- Title Pages
- Editor's Introduction
- A Note on the Text and Illustrations
- Chapter I. 1 The Harbours and City of Alexandria.
- Chapter II. The Environs of Alexandria.
- Chapter III. Voyage from Alexandria to the Nile.
- Chapter IV. Physical Sketch of Egypt.
- Chapter V. Resheeʼd, or Rosetta.
- Chapter VI. Voyage up the Branch of Resheeʼd.
- Chapter VII. The Eastern Branch of the Nile, and the adjacent districts, &c.
- Chapter VIII. Historical Illustrations of the Topography of Musr (or Cairo) and its Environs.1
- Chapter IX. Booʼlaʼck.
- Chapter X. Description of Musr (or Cairo).†
- Chapter XI. The Citadel of Musr, or Cairo.
- Chapter XII. The Environs of Musr, or Cairo.1
- Chapter XIII. The Moosʼlim Dynasties in Egypt.
- Chapter XIV. History of Mohhamʼmad ʼAlʼee, and of the remarkable events which have taken place in Egypt since its evacuation by the French, in the year 1801.1
- Chapter XV. The Pyramids of El-Geeʼzeh.1
- Chapter XVI. The Pyramids of Abʼoo Seer, Sackʼckaʼrah, and Dahʼshooʼr, and the site, remains, &c., of the City of Memphis.
- Chapter XVII. Ordinary circumstances of the Voyage up the Nile.†
- Chapter XVIII.1 From Musr to Benʼee Sooweyʼf.
- Chapter XIX. El-Feiyooʼm.
- Chapter XX. From Benʼee Sooweyʼf to El-Minʼyeh.
- Chapter XXI. El-Minʼyeh, Benʼee Hhasʼan, and Antinoë.
- Chapter XXII. Hermopolis Magna, &c., to Asyoo't.
- Chapter XXIII. Asyoo't, &c., to Girʼga.
- Chapter XXIV. Girʼga, Abydos, &c.—Denʼdarʼa.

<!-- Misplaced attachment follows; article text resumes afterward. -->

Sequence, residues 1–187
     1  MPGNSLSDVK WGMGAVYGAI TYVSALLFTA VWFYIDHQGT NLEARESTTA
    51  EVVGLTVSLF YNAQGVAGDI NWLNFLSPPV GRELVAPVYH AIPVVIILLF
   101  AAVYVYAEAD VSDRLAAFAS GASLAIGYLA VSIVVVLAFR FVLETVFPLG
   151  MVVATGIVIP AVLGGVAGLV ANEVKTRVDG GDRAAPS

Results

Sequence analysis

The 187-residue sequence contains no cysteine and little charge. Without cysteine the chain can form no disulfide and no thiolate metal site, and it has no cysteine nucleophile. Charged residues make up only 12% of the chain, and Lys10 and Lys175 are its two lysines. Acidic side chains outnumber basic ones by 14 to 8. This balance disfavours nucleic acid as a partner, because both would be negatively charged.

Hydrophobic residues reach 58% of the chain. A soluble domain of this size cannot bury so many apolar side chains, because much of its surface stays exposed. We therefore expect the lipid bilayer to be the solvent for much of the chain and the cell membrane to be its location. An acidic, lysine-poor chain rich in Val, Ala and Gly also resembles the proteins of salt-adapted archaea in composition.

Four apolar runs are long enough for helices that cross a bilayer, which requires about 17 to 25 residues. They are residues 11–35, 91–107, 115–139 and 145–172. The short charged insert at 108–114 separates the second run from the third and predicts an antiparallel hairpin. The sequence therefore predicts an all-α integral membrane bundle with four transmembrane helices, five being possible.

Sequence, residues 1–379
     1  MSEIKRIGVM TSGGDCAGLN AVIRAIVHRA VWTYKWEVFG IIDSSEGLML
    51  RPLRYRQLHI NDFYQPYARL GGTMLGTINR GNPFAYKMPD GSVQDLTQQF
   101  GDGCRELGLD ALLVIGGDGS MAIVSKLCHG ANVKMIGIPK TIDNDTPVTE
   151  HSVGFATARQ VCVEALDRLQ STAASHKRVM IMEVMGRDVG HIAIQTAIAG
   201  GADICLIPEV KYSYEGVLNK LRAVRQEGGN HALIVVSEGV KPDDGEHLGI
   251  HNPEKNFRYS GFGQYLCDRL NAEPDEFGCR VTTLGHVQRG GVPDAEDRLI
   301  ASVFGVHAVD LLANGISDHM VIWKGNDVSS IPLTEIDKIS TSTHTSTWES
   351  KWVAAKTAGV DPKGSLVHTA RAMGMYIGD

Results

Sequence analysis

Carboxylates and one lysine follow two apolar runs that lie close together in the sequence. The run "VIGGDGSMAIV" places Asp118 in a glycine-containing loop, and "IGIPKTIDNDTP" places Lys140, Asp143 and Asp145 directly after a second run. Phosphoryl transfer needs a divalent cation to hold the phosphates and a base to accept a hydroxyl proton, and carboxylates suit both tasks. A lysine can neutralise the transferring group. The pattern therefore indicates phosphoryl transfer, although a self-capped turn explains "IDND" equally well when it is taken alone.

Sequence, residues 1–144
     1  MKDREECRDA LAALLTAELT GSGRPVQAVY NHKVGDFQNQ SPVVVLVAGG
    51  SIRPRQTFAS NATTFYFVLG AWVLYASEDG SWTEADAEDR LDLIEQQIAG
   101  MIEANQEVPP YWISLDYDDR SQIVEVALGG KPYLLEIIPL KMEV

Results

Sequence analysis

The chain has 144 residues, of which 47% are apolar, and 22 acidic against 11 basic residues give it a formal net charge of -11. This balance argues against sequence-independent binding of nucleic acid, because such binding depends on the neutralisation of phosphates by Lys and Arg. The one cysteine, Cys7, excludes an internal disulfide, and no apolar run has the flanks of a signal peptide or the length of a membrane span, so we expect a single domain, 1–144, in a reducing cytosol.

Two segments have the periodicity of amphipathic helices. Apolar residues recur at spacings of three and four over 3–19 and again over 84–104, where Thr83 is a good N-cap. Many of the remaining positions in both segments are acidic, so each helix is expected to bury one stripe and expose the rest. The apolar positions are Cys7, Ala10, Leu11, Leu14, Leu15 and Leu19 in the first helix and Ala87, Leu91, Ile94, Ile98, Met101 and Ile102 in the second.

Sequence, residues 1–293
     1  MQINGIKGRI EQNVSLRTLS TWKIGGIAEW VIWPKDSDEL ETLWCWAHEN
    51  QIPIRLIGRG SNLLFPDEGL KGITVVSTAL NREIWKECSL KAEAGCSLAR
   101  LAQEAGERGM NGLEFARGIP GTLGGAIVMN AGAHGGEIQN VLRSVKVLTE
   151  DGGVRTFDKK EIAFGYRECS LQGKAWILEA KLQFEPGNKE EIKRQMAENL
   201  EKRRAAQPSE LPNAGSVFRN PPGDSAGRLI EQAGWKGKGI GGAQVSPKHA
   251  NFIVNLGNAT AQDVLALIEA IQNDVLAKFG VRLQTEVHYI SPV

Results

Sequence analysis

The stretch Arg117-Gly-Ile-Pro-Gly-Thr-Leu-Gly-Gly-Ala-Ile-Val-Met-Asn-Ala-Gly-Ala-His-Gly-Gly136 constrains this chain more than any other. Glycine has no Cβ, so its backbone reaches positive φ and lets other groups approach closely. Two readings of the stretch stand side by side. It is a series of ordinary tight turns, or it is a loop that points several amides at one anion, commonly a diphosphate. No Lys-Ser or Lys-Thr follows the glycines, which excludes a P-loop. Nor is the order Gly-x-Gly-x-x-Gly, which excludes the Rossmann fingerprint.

- Chapter XXV. Ckinʼë, Ckooft, Ckoo's, &c., to Thebes.
- Chapter XXVI. Thebes.1
- Chapter XXVII. 1 Armen't, &c.—Isʼna.
- Chapter XXVIII. Eilethyia—Adʼfoo.
- Chapter XXIX. Gebʼel es-Silʼsilʼeh—Koʼm Oomʼboo, &c., to Aswaʼn.
- Chapter XXX. Elephantine, Aswaʼn, the Cataracts, &c.
- sChapter XXXI. Philæ, and its environs.
- Chapter XXXII. The Nubians.
- Chapter XXXIII. Deboʼd, and Ckurdaʼseh, &c.
- Chapter XXXIV. Taʼfeh and Ckalaʼbʼsheh.
- Chapter XXXV. Dendooʼr, Gurʼf Hhoseyʼn, Dekʼkeh, &c.
- Chapter XXXVI. Waʼdee es-Soobooʼă, Hhassaʼyeh, and Ed-Dirʼr.
- Chapter XXXVII. Ibreeʼm, &c.—to Abʼoo Simʼbil.
- Chapter XXXVIII. Abʼoo Simʼbil, or Absemʼbel.
- Chapter XXXIX. From Abʼoo Simʼbil to Waʼdee Hhalʼfa.
- Supplement. On the Ancient Egyptians.
- (p.292) Chapter XXVI. Thebes.1
- Description of Egypt
- American University in Cairo Press
“Thebes,” is doubtless a corruption of the Egyptian name of “Tape,” which, in the Memphitic dialect, was pronounced “Thaba.” It is probable that Thebes was founded about twenty-three centuries, or perhaps more, before the Christian era. Of all the remains found there, the most ancient of those that have sculptures to prove their age are of the period of the earliest Egyptian sculptured monuments; and are probably surpassed in antiquity only by the pyramids, and some of the other tombs, of Memphis. Of all the monuments of Thebes, Herodotus only mentions a great hall into which he was conducted by the priests of Jupiter, and where he was shewn the colossal wooden images of the successive high-priests. This chapter describes a town called El-Oock'soor, the great temple of Kur'nak, a destrict named El-Ckoor'neh, a city named Medee'net Hha'boo, and the Valley of Beeba'n el-Mooloo'k.
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